When your baby is about three months old, you should start the immunization programme which will protect them against most severe infectious diseases. When your baby is immunized, he is given a vaccine which contains harmless versions of the germ that causes the disease.
The vaccine is too weak to cause the disease, but it makes the body produce special cells which will protect your child from that disease in the future. You must continue with the immunization programme even if your child catches the disease.
Why the baby should be immunized
Some parents decide against immunization because they are worried about possible risks or because they think that a disease is so rare that it is unnecessary. However, if fewer children are immunized, diseases can spread more quickly, leading to epidemics. Immunization will protect your baby and help to eradicate the disease altogether.
What are the risks of being immunized
Immunization is safe, although it may make your baby mildly un-well for a short time. However, if your baby had a convulsion, or has a close relative with epilepsy, he has an increased risk of serious reaction to the whooping cough vaccine, so discuss this with your doctor. Do not take them to be immunized, if they have a cold or is at all unwell, or has been taking antibiotics in the week before he is due for immunization.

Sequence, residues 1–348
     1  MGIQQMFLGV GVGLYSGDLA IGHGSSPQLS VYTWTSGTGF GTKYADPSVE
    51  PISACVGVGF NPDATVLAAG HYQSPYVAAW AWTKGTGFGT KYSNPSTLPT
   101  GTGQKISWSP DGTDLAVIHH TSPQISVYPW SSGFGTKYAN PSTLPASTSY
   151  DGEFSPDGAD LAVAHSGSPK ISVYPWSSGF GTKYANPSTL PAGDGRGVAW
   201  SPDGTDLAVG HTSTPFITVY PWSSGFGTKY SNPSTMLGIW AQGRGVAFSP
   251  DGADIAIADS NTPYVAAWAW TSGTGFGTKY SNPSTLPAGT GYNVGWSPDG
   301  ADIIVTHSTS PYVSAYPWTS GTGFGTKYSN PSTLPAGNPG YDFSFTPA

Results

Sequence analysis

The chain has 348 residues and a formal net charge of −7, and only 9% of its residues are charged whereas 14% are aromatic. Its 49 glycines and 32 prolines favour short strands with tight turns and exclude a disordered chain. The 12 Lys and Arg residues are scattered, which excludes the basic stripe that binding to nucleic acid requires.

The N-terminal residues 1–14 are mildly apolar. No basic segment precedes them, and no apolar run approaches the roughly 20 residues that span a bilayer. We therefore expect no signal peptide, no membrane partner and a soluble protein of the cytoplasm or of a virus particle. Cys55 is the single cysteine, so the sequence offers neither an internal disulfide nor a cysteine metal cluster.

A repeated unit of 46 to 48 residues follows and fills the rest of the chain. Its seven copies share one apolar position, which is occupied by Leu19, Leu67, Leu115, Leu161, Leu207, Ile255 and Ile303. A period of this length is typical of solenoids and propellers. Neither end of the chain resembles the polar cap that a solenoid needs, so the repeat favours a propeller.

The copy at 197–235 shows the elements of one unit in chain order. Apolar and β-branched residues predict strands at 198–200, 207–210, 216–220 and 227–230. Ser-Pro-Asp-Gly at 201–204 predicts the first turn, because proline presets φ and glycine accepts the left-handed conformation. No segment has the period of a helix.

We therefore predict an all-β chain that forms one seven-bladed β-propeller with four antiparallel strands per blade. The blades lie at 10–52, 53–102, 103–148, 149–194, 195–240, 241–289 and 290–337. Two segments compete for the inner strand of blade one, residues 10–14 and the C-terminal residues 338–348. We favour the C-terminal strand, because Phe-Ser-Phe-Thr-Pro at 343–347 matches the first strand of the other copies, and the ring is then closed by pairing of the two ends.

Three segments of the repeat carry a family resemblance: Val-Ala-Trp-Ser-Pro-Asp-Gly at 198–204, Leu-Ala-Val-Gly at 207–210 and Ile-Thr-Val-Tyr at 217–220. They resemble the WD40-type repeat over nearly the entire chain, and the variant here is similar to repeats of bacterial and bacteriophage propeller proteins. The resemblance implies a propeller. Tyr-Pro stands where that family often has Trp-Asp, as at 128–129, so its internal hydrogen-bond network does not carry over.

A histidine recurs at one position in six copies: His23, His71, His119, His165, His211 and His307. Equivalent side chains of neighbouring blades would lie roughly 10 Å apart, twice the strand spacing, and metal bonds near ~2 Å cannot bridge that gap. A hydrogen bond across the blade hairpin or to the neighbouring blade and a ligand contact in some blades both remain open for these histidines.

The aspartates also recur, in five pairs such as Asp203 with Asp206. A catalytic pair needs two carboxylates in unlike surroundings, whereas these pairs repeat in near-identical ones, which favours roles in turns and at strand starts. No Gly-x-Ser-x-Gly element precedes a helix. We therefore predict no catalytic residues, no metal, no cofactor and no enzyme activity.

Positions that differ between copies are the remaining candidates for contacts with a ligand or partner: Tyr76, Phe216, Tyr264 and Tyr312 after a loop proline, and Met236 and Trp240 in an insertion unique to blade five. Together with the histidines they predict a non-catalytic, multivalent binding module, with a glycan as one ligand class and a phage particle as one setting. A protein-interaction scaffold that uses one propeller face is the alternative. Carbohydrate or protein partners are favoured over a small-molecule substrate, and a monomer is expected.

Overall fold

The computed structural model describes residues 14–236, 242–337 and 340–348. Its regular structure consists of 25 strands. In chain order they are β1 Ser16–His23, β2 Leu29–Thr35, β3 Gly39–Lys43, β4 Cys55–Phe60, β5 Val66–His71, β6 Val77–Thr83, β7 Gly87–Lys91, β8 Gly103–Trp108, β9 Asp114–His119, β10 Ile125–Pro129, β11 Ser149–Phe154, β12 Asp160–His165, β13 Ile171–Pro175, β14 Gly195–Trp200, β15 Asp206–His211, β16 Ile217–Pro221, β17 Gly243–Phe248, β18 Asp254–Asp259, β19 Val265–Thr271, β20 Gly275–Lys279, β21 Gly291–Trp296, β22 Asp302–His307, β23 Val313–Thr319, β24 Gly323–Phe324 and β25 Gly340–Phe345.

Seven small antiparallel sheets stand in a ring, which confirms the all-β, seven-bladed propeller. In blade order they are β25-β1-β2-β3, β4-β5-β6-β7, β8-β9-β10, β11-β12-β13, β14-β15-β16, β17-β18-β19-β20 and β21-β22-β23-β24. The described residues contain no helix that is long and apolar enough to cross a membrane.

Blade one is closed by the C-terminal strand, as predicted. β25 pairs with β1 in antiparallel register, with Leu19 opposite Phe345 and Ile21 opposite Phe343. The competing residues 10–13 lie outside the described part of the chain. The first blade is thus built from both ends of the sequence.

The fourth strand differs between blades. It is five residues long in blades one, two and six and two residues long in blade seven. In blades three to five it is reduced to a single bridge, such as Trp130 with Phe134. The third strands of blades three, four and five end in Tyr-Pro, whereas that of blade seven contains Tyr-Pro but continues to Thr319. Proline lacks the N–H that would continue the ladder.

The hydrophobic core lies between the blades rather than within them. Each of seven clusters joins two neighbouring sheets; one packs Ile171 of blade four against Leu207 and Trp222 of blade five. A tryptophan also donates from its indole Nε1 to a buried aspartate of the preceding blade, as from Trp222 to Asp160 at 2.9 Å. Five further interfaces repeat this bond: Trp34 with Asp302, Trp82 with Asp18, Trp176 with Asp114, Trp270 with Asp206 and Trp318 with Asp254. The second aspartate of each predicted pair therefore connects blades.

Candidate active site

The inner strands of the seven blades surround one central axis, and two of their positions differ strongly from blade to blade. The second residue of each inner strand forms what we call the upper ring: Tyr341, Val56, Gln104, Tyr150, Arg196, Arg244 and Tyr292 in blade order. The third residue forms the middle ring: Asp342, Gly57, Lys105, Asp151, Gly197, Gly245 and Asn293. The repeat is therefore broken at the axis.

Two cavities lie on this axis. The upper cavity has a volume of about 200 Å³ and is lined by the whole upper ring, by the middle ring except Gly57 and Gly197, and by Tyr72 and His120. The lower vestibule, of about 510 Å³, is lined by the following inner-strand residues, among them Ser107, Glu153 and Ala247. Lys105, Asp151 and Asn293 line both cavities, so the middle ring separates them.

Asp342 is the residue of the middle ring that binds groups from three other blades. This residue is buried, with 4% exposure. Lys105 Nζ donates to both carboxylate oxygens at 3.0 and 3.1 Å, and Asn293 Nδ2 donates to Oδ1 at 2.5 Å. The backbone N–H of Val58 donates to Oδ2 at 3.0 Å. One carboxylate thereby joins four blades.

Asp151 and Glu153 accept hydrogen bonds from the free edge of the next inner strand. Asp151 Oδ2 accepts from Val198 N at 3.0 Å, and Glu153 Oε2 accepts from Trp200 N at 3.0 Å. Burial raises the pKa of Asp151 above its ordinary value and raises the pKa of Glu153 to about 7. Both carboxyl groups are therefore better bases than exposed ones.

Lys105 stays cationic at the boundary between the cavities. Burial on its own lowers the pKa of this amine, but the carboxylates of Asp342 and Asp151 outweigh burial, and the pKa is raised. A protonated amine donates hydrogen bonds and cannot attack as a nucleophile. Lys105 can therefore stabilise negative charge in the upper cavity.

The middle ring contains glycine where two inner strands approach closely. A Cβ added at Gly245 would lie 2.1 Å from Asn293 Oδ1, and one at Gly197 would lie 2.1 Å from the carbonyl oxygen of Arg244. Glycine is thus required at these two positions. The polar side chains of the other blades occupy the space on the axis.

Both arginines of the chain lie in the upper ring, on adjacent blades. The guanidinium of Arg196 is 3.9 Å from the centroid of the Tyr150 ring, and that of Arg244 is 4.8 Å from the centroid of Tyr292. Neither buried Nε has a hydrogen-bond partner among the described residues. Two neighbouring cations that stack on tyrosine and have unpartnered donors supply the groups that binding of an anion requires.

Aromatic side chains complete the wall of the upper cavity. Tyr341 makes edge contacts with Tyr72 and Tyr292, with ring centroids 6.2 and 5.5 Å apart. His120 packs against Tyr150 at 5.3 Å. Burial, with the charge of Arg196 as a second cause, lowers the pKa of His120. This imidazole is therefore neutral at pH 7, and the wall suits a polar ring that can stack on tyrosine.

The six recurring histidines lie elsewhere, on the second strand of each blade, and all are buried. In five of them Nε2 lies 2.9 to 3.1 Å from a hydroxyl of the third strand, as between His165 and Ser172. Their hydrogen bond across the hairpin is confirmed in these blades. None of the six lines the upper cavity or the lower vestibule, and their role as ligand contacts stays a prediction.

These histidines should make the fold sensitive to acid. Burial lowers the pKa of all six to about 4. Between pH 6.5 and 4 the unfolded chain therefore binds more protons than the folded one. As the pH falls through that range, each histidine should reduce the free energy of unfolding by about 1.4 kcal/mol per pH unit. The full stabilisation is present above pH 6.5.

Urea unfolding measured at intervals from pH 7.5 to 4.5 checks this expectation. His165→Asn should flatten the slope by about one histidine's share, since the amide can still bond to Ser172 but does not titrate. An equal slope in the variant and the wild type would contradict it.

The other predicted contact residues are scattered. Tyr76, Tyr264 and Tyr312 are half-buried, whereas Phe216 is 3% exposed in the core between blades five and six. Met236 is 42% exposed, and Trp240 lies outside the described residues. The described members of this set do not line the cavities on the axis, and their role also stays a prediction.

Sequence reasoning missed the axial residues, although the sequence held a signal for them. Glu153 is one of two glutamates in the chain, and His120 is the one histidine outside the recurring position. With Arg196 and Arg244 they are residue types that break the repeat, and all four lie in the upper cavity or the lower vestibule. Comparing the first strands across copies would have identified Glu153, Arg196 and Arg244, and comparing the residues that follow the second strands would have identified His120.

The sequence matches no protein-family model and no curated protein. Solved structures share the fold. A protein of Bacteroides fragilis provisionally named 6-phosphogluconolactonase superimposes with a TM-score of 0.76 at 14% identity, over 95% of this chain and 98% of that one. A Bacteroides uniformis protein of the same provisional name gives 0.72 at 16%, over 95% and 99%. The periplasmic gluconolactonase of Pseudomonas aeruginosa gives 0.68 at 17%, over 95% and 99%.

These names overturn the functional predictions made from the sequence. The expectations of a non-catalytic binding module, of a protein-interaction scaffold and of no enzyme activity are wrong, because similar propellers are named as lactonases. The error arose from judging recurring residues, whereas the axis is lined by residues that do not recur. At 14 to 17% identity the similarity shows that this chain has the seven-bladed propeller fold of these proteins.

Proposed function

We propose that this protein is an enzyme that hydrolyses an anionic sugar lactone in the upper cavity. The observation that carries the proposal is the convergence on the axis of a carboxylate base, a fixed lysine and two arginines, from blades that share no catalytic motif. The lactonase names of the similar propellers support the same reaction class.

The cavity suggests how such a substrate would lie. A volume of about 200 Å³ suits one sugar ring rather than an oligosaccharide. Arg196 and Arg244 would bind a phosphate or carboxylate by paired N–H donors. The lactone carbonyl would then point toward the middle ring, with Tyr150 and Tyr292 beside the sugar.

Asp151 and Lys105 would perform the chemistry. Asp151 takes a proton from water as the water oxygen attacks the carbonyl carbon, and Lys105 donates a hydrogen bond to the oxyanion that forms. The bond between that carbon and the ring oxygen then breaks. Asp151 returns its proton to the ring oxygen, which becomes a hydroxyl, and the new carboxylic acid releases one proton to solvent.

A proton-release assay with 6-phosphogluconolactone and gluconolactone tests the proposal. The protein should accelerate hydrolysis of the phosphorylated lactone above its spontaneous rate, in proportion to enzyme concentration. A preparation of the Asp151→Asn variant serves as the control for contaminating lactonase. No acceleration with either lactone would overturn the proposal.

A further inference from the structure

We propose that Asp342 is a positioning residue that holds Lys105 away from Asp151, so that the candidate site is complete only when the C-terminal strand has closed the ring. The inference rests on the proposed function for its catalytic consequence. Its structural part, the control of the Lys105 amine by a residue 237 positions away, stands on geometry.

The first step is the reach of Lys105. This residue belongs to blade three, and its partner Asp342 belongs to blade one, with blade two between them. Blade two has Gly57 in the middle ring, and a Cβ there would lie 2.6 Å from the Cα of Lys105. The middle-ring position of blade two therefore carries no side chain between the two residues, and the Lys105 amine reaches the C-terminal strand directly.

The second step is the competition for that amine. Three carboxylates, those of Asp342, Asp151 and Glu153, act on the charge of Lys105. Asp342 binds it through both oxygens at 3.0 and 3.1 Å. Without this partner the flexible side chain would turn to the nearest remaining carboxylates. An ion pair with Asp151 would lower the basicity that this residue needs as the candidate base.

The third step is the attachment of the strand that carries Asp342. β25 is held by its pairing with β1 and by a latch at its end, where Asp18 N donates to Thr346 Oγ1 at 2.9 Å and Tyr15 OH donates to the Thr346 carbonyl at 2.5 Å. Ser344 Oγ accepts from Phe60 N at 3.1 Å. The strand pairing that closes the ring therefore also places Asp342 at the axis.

What are the after-effects
Immunization may give your baby a slight fever, so keep a check on their temperature for 24 hours and, if it raises give him the recommended dose of paracetamol elixir. Your baby may develop a small, hard lump at the injection site. This will go in a few weeks, and is nothing to worry about. The measles vaccine may give him a rash and make his face swell slightly three weeks later. If he develops any other symptoms, or if his crying sounds unusual or his temperature rises above 100.4 degrees, call your doctor immediately.
Having an Injection
Hold your baby firmly while he is given the injection, to comfort him and keep him still. The doctor may inject him in the top of his arm or in his bottom or thigh.
At the age of 2 and 3 months; Diphtheria, Meningitis (Hib), Tetanus, Whooping cough (pertussis) and Polio are given. At 12-15 months of age vaccines of Measles, mumps and German measles (rubella) are given. When the child is of # and half -5 years (Pre-school booster) again a dose of Diphtheria, Tetanus and Polio is given. By the age of 11 years a vaccine of BCG (Tuberculosis) is given. At 16vyears a dose of Booster tetanus and Booster polio is given.